At 6:30, just as the land was beginning to wrap itself in a golden veil, Railroad Earth brought the crowd together for, “Been Down This Road”. Once the band could see that everyone was in attendance and awake, Todd spoke: “Well hello, B Chord, remember us?” With a powerfully affirmative response to his question, Todd led the band into a slowly built “Head” which featured a foot-stomping breakdown by Mike Robinson on banjo. After the first, OOOOH, OOOOH, OOOOOH! Every person in the crowd was on their feet jumping and dancing along to the music with their hands in the air. The jam lasted over sixteen minutes and was complimented by the following “Good Life > Mourning Flies” jam which begins with an easy, Calypso style of bass, guitar, and mandolin and falls into a drums-intensive and keyboard rich classic Railroad Earth jam. Todd’s voice is like a whisper on “Mourning Flies” as he dives for the low notes and deep vibrato.

Tim Carbone led the next song, “Any Road” on vocals, in which the band brought the crowd out of their deep contemplation from “Mourning Flies” back to their dancing feet. Another deep jam followed as the band went into, “12 Wolves” which also features some striking banjo work from Mark Robinson, vocals by bassist Andrew Altman, and electric guitar by Tim Carbone. At the time, I thought this might be the highlight of the set for me, but that was only before hearing what followed. After “12 Wolves” came to an end, the band cast a twangy introduction to the Dead’s “Till The Morning Comes” over the crowd, and we all exploded into dance. We all swarmed the front of the stage and bopped along to one of our unspoken anthems, all smiles.

From the video channel of Eric Mohta

The crowd remained gathered in front of the stage for the following “It’s So Good” and everyone’s favorite crowd-participation song, “Elko”. As it is Railroad Earth tradition, when Todd sings, Need a card/ I need a card! Hit me lord/ not too hard! Oh, mama/ I need a winning hand! , the crowd throws playing cards at the stage. It had been such a long time that I had seen that torrent of cards falling down on my head that all I could do was throw my head back in laughter and disbelief. Set I of Night II was more than I could have asked for from my favorite band and as I walked back to my chair, I got a sense that I was not alone in feeling that way. The crowd had grown noisy with excitement; people unabashedly shared which songs were their favorite of the night so far, while others met up to grab another drink together.

The full moon did not rise during the set break this time, but much later in the evening. The darkness of the night contrasted with the myriad of string lights and hula-hoops across the field and reminded me of the summer music festivals that had long been forgotten through the pandemic. I realized then that I was lucky to be there; that we were all lucky to be sharing in an experience which is truly rare these days. I felt grateful for all of the years I had seen Railroad Earth at the Sherman Theater in Stroudsburg, PA for the Horn O’ Plenty shows. I also vowed that I would never complain about being cold inside a venue again, as the temperatures that night dipped below 45 degrees.

As bundled as we could be for the evening, the crowd joined one another on the field for Railroad Earth’s final set of the weekend at B Chord Brewing Company. They began with, “Stillwater Getaway”, a deep breakdown featuring skilled work on the mandolin by John Skehan and by Tim Carbone on the fiddle. I felt that this song best showcased both performers, but the bass solo performed by Andrew Altman at the finale of the song was a definite highlight as well. The band plinked and strummed their way into an easy moving “Hangtown Ball”, which featured some ragtime style piano playing by John Skehan, along with a few honky-tonk style solos.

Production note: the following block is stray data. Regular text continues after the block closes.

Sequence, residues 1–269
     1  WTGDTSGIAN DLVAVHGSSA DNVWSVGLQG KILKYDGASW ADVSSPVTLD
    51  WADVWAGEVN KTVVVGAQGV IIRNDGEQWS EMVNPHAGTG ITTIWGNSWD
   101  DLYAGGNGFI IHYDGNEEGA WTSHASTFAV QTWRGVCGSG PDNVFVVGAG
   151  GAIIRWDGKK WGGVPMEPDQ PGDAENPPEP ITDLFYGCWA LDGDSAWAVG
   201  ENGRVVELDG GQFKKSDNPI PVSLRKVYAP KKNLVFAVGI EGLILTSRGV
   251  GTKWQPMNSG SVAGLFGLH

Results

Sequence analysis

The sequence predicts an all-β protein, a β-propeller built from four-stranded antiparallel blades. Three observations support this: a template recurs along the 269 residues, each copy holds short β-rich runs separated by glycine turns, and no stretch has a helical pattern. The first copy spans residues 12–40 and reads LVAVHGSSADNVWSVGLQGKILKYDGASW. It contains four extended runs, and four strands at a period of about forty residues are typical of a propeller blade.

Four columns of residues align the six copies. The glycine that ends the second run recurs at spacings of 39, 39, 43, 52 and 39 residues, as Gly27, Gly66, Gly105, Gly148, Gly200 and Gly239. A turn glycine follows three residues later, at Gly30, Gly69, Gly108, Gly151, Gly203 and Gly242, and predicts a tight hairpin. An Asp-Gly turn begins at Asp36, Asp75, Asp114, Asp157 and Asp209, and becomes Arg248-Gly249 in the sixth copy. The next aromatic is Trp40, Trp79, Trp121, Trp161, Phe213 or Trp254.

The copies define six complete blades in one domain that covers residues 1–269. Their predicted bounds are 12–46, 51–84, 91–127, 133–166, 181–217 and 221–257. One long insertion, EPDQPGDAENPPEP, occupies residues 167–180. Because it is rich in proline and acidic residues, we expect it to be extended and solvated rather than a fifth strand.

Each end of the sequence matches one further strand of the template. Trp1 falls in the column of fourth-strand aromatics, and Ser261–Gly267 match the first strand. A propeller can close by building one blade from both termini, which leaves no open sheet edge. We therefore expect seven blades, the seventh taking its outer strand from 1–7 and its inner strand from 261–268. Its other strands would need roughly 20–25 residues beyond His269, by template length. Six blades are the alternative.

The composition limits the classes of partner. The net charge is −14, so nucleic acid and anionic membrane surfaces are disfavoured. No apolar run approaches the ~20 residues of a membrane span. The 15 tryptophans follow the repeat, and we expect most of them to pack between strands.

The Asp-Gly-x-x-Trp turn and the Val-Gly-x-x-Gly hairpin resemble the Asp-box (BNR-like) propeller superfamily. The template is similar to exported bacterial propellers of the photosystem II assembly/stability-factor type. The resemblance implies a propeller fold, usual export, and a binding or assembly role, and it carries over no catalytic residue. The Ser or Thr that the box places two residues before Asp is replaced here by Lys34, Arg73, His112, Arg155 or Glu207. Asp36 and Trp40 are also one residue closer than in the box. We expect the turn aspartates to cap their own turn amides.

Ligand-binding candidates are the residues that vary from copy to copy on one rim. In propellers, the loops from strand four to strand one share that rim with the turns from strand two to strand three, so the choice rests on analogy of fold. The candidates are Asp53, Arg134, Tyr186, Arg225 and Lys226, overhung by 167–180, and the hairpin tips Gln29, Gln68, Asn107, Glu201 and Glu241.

The band followed with one of my favorite songs, “The Jupiter & The 119” on which I have always thought Todd’s voice sounded great. The song brought a sense of revival to the crowd, and soon the swayers turned into full-fledged dancing fools. At the breakdown, the band played softly, allowing Todd to make his proclamations, and the song ended with a dreamy, almost psychedelic outro which blended nicely with the gentle intro of “Captain Nowhere”. The song has always strangely reminded me of “Terrapin Station” by the Dead, as the lyrics and rhythm together pack a punch through the chorus. On the last note, Carey Harmon picked up the rhythm on drums and the band went into seven minutes of “Hard Livin’.” I felt chills cover my body as Todd sang out, “We’re gonna be forgiven/Of that haaaaaard livin! , and I suddenly felt that the ‘heavy load’ Todd was singing about could be translated into the weight of the journey back to some kind of live music standard.

The final two songs of the official set were, “Dandelion Wine” and “Running Wild” in which the crowd committed to standing once again, at the very front of the stage. Evan and I took the opportunity to enjoy a few last dances, and in some ways, everything felt like it was back to normal. Sure, we had to wear a mask over our faces; but they kept us warm that night. And while we couldn’t press ourselves against the rail this time, everyone had plenty of space to get down with their bad selves without throwing an unnecessary elbow or untamed mess of hair in someone’s face.

To end the night, Railroad Earth blessed the crowd with their self-titled song, “Railroad Earth”. Many of us choked back tears as the band sang together on the poetic lyrics which embody the freedom that is found in nature. It was almost too much to be listening to the song while looking over the mountains and then to the full moon. On the last line of the song, Oh mama/ please don’t make me lie, the band removed their hands from their instruments and sang into the soft darkness of the night. The crowd was silent for this bittersweet closing moment, and then erupted into praise. What had been so anticipated in my household throughout the pandemic, had come to an end. But I was sure that we were leaving Virginia with something more than what we had brought with us.

As we left our hotel the next morning, we noticed an unmistakable figure packing luggage into an SUV. “Wait! I think that’s Tim…”, I said not believing my own words. The next thing I knew, Evan had stopped the car and was rolling down his window. “Tim!” he shouted. Tim Carbone turned toward us, and Evan said, “Thanks for a real good time!” Tim smiled, raised a hand to us and said graciously, “My pleasure.” We drove off, trying to contain the freak out I knew was coming. Once we were out of view, I screamed and laughed like a maniac, punching my fists in the air. As if the weekend hadn’t already been filled with magic, I was able to thank one of my musical heroes for doing what he does. And since I have the opportunity now to thank them again, I would like to say, from the bottom of my musical heart, thank you Railroad Earth for sharing your light through this dark journey.

From the video channel of Crazy Fingers